- They feature in almost all categories including Marketing & Advertising, Retail and E-commerce, Science and Consumer Technology.
Several Indian Americans in Forbes 30 Under 30 Several Indian Americans are among Forbes 30 Under 30, a list which is released on Dec. 1 each year to honor and showcase the top people under 30 years old in different industries.
Forbes says its 10th anniversary ‘Forbes Under 30’ class “is set to define the next decade — and beyond.” The magazine says that while “much of 2022 was being freshly created by this group back in 2012, ten years from today, it’s a good bet we’ll all be living in a new world being imagined today by the 600 entrepreneurs, innovators and entertainers that make up our 10th Anniversary class.”
Indian Americans, as well as South Asian Americans and Indo-Canadians feature in almost all categories. Here we highlight those who made in diverse fields like Marketing & Advertising, Retail and E-commerce, Science and Consumer Technology.
Listed in the Marketing & Advertising category is Trevor Sookraj, 24, founder of Divisional, a growth marketing firm dedicated to promoting startups. Sookraj told Forbes that his company provides startups a full growth team of Divisional employees at a fraction of the traditional cost. “Their outsourcing model has been lucrative, with revenue growing 240% this year to $1.5 million,” the magazine says. Before founding Divisional, he was a part of the growth team at Clearbit in San Francisco working to grow their self-serve products. Before that, he was a sales intern at Shopify and a marketing analyst at Turnstyle Solutions, which was acquired by Yelp.
Sookraj grew up in Canada and is the eldest son of a Guyanese father and an Indian mother. “My dad came to Canada at a relatively early age from Guyana (a Caribbean nation), and spent the entirety of his adult life in this country,” he writes in a blog on his website. “My mom came to Canada at the age of 17 from Goa (India) — a Portuguese colony. Her maiden name is Portuguese and she was raised Catholic.”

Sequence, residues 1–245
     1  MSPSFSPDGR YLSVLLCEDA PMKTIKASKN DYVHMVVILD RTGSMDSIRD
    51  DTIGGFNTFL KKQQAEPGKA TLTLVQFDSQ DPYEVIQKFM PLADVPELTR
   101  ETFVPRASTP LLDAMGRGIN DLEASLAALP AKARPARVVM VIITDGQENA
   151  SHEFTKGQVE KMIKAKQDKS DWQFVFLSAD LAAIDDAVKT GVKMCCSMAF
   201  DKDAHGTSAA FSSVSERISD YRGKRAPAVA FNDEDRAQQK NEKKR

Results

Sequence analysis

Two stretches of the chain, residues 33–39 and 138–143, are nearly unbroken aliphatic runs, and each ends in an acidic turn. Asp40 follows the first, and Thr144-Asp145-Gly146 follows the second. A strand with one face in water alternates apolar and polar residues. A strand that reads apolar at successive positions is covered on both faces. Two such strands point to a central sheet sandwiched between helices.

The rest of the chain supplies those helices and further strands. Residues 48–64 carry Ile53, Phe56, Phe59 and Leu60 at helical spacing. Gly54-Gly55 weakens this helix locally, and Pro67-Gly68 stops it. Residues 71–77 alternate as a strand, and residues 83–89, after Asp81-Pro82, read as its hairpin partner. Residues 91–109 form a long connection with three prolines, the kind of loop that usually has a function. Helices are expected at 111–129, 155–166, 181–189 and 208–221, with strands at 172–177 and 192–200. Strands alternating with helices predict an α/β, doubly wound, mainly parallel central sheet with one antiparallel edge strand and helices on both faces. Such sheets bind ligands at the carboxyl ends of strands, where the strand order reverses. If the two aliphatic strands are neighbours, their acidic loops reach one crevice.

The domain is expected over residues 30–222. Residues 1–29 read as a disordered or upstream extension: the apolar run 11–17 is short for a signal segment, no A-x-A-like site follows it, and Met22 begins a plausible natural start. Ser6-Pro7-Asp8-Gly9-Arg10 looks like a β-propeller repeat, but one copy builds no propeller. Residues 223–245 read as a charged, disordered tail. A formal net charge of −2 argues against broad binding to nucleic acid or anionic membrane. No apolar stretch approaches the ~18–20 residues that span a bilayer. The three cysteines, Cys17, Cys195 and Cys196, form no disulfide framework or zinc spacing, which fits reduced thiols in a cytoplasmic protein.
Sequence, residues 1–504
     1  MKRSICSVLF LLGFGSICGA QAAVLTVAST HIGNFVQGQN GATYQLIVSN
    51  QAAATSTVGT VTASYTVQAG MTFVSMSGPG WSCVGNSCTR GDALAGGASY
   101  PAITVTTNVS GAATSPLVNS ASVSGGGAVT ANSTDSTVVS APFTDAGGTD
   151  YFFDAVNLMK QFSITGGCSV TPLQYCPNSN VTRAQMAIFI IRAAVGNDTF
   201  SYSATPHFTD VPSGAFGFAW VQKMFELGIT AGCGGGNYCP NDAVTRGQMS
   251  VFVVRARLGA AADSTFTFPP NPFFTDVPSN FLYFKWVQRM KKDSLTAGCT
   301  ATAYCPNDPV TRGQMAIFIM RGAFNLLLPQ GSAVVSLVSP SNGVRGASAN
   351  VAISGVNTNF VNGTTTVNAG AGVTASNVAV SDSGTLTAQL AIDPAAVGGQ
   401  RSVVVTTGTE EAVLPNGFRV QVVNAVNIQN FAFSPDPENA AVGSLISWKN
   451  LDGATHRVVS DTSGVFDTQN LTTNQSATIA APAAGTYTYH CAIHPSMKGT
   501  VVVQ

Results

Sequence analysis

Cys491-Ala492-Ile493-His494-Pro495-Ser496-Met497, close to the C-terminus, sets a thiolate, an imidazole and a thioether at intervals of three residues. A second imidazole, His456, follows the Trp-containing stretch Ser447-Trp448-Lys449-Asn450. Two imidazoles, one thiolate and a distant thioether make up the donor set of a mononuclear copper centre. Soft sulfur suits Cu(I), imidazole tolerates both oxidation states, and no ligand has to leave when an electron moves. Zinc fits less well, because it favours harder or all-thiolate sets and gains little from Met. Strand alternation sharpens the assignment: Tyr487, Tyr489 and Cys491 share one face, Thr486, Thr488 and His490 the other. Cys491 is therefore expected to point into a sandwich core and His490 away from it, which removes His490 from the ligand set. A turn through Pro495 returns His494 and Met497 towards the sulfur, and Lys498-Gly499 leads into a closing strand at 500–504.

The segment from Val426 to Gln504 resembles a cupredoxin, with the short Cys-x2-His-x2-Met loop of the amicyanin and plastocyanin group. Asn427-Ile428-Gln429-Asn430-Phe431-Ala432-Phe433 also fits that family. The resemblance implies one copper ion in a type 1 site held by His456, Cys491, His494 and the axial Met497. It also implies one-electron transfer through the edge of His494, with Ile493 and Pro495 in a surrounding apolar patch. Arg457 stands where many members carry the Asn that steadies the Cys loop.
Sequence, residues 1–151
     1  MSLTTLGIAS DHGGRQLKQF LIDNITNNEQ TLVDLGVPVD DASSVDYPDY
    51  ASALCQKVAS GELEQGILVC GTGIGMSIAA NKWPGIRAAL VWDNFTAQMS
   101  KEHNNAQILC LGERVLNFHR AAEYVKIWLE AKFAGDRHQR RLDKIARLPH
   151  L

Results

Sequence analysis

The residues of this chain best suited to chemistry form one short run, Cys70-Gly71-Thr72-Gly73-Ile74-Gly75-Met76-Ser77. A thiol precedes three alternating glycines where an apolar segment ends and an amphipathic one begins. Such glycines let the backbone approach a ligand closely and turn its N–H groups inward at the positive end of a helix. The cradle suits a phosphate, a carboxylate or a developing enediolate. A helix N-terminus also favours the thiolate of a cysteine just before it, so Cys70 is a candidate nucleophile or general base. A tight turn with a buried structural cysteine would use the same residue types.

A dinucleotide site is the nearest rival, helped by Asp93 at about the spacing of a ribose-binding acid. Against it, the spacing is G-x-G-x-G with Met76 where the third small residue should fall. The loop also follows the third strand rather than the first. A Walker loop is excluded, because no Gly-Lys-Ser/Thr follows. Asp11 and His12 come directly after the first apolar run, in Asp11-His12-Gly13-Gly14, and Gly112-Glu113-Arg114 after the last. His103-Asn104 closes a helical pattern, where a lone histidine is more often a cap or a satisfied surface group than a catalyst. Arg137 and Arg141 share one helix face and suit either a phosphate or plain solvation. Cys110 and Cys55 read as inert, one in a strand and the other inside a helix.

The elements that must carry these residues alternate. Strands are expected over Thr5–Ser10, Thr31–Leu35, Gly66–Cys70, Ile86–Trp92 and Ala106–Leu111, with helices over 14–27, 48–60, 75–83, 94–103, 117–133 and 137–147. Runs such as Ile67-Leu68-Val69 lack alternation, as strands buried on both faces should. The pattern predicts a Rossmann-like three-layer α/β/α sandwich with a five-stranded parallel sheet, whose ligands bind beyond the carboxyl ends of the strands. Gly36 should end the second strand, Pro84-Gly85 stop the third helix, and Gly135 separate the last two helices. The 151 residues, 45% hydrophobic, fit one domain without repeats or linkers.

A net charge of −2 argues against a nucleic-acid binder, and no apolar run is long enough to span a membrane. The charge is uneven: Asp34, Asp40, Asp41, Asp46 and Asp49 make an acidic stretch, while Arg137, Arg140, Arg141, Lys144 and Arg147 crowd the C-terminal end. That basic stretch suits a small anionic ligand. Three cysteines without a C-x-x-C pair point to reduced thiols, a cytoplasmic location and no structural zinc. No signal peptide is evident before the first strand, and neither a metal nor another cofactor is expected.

Raunak Nirmal, the co-founder of Acquo, one of the largest and fastest-growing aggregators of companies that sell on Amazon, features in the Retail and E-commerce section along with Akshar Bonu, co-founder of The Custom Movement; Tejas Konduru, cofounder of VIA; and Vinay Menda and his partner Issam Freiha of Blank Street.
Like Sookraj, Raunak Nirmal, 29, also grew up in Canada, having moved there from India at age 7. Now based in New York, the Sikh American has raised $160 million to acquire businesses that will generate some $250 million in revenue this year. “I’ve been living and breathing Amazon,” he told old Forbes. Nirmal worked as an analyst at Amazon right out of college and started several Amazon companies himself. Now he’s scaling others’ products, a process that includes expanding beyond Amazon to sites such as Walmart, Target and Best Buy. “We assume that the opportunity goes beyond simply acquiring a large number of brands on Amazon,” he told Forbes. “We believe that converting these brands into true omnichannel brands represents the true potential of these brands.”
Akshar Bonu, 26, who was required to wear a uniform during high school in the Philippines viewed sneakers as his primary form of self-expression. He turned that obsession into a business. He now runs an online sneaker marketplace, where customers can order custom shoes from thousands of independent artists around the world. The Custom Movement takes a 10% cut on each sale.